The word DETOX usually brings to mind things like juice cleanses, colon cleanses, diet pills or prolonged fasting. Commercial detox diets make it seem like detoxing is simple and easy to achieve, all you have to do is not eat or eat very little for a week to 10 days. The truth is that truly effective detoxification is a bit more complicated....
The detox process is a systemic process and it should be individualized and done with caution. Taking into account the person, their environment, lifestyle, and genetics, is very important to avoid increased free radical release that cannot be handled by the body.
Take reduced calorie diets that are less than 800-1000 calories per day for a prolonged period of time. This type of diet definitely will cause weight loss due to the severe calorie restriction. But did you know....Lipid soluble toxins are stored in fat tissue and contribute to increased toxin load with rapid weight loss. Hence, rapid weight loss or starvation diets can actually make you sick by causing a release of large amounts of toxins from fatty tissue. The toxin release can overwhelm our bodies and cause free radical damage.
WHAT ARE TOXINS?
Toxins are all around us. Toxins actually come from living organisms like mold, mycotoxins, or bacteria in our guts that produce endotoxins. Toxicants are man made toxins like dioxin and insecticides. The total body burden of these toxins and toxicants is what is most important. Total body burden is affected by environmental exposure (ongoing or past), genetics, lifestyle, stress, and microbiome balance aka gut health.
WHAT IS DETOX?:
To effectively detox, the body has to be able to excrete both hydrophilic (water compounds) and lipophilic (fat compounds) from the body. Hydrophilic compounds are more readily and easily excreted in the urine or bile because they do not have to be chemically altered, but in contrast lipophilic compounds must be chemically altered to facilitate excretion. Lipophilic compounds (compounds dissolved in fat) must go through bioactivation and then conjugation. The majority of the reactions occur in the liver but still require a properly functioning gut and kidneys. In this study by Jeong. H.G. et al, they found that the bacteria in our guts play a major role in biotransformation and detoxification and differences in the bacteria make up in our guts may explain some of the differences in detoxification of different compounds between individuals.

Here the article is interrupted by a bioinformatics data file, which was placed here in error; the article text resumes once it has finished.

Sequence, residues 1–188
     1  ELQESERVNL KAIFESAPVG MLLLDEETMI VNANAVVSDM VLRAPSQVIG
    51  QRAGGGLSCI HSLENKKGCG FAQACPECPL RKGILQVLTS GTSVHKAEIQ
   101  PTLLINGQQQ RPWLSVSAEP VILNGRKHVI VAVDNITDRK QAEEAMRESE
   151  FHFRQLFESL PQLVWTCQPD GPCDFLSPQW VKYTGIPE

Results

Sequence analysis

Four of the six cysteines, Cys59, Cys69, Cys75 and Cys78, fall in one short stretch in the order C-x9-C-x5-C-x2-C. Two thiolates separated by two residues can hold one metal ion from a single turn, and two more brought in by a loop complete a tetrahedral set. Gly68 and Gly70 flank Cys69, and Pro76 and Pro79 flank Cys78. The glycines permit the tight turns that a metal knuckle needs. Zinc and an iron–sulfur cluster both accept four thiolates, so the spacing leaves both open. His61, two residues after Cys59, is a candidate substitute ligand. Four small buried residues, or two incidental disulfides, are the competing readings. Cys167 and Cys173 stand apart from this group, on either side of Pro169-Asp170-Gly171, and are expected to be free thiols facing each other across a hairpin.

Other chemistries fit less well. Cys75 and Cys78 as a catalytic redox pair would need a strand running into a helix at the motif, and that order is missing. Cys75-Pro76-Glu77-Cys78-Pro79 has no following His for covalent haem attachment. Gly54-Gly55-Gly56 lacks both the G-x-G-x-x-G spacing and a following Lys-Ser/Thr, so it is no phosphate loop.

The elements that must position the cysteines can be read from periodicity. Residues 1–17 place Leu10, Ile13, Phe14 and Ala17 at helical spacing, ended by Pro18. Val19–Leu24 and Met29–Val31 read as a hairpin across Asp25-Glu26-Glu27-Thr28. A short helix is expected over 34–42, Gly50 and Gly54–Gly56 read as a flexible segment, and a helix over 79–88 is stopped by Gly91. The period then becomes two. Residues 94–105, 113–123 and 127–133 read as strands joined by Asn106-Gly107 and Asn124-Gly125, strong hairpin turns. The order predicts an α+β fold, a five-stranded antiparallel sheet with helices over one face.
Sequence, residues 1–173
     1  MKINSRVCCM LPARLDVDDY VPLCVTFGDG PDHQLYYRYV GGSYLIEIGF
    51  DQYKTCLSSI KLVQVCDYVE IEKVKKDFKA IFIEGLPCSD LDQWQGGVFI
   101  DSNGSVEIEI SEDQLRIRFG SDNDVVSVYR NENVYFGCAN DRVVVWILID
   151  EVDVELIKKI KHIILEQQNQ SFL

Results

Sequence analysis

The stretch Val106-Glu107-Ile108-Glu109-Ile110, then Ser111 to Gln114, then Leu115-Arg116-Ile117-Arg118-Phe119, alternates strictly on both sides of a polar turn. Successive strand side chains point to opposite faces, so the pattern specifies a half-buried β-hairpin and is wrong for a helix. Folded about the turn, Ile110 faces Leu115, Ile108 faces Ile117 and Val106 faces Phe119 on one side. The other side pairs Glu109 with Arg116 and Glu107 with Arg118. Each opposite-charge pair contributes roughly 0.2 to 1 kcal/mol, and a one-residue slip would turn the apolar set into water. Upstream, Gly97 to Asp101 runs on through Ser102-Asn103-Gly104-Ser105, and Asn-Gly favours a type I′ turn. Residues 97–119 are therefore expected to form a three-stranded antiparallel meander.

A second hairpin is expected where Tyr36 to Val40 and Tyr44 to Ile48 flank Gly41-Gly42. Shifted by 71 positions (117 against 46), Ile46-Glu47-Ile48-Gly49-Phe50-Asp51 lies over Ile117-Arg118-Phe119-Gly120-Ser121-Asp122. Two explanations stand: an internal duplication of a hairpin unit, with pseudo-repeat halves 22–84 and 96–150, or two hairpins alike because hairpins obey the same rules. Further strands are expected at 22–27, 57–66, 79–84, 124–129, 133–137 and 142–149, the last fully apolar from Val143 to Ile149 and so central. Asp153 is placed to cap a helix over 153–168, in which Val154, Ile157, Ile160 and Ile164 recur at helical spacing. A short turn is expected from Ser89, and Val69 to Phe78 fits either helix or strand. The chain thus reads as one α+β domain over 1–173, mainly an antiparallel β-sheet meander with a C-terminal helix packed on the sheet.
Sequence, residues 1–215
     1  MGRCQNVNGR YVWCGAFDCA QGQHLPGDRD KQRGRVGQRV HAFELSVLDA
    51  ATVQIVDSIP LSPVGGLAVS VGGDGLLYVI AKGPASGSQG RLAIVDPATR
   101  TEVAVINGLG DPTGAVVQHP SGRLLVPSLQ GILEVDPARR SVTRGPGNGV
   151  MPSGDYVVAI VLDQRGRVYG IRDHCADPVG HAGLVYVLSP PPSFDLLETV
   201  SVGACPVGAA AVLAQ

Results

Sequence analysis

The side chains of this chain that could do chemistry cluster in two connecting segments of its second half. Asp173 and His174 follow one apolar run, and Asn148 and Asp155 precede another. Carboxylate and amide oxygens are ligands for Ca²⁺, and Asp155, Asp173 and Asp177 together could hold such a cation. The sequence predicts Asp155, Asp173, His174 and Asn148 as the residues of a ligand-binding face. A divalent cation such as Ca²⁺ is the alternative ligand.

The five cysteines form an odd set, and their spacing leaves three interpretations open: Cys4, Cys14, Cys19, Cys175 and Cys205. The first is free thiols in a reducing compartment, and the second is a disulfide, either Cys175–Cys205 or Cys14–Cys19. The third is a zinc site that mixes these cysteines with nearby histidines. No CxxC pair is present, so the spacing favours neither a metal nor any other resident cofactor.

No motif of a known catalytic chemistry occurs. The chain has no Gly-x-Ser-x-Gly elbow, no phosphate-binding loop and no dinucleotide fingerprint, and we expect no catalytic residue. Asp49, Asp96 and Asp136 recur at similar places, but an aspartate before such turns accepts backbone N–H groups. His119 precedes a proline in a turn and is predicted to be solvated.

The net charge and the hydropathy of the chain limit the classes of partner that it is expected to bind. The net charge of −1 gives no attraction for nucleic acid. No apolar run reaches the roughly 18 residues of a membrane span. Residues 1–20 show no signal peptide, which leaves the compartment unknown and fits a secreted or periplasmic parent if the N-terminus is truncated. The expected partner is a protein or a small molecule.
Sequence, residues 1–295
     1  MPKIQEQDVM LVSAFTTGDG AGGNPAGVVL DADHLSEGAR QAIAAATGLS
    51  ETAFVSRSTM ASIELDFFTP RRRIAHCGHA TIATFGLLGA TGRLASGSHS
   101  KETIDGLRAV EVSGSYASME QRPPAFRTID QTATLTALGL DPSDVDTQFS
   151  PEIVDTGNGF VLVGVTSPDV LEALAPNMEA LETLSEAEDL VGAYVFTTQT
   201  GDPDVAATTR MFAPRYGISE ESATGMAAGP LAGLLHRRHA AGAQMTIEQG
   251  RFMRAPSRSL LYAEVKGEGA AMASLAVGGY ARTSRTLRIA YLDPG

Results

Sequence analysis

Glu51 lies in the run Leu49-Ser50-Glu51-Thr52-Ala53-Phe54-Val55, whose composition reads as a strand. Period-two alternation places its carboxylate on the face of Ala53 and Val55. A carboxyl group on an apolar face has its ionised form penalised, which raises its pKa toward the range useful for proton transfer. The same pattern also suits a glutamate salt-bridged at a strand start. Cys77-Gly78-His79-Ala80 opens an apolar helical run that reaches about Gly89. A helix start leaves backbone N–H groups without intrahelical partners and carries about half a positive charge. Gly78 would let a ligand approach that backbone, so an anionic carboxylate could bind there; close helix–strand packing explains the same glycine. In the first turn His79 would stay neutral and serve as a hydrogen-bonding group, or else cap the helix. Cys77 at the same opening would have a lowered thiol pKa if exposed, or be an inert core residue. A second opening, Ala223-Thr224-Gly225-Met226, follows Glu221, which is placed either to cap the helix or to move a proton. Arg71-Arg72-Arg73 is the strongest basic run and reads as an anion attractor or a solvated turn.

Hence, the importance of supporting the liver, kidneys and gut when trying to detox.
PHASES OF DETOX:
Phase 1 detoxification occurs mainly in the liver and uses the Cytochrome P450 enzymes to perform oxidation (loss of electrons), reduction (gain of electrons) and hydrolysis (adding water) of varying toxins to ease elimination and produce metabolically inactive compounds that can further be metabolize and bound by phase 2 enzymes. Phase 1 detox is influenced by:
Diet: protein, carbohydrate and fat intake
Endotoxins: produced by "bad" gut bacteria
Xenobiotics: industrial chemicals; pesticides; alcohol; environmental pollutants; cigarette smoke and food additives.
Phase 2 detoxification takes metabolically inactive products and prepares them for elimination via bile or urine. Phase 2 detox takes a lot of cellular energy or ATP! Deficient nutrient intake or absorption (poor gut health) will affect this phase of detox due to lack of mitochondrial functioning. An improperly functioning gut during this stage can lead to re-circulation of toxins and estrogens.
Phase 2 detox involves producing enzymes (below) to remove toxins, xenobiotics, metals, drug compounds, neurotransmitters, and steroid hormones like estrogens.
Glucuronic acid (glucuronidation) - metabolizes Insecticides, herbicides, heterocyclic carcinogens, Bisphenol-A (BPA), phthalates (plastics), some pharmaceutical drugs like sulfonamides, naproxen, ibuprofen, acetaminophen, fibrates, as well as tobacco and recreational drugs and carcinogens (Meech, R).
Sulfate (sulfation)- deactivates xenobiotics, many drugs, estrogens, catecholamines.
Glutathione (glutathione conjugation) -many xenobiotics and toxic metals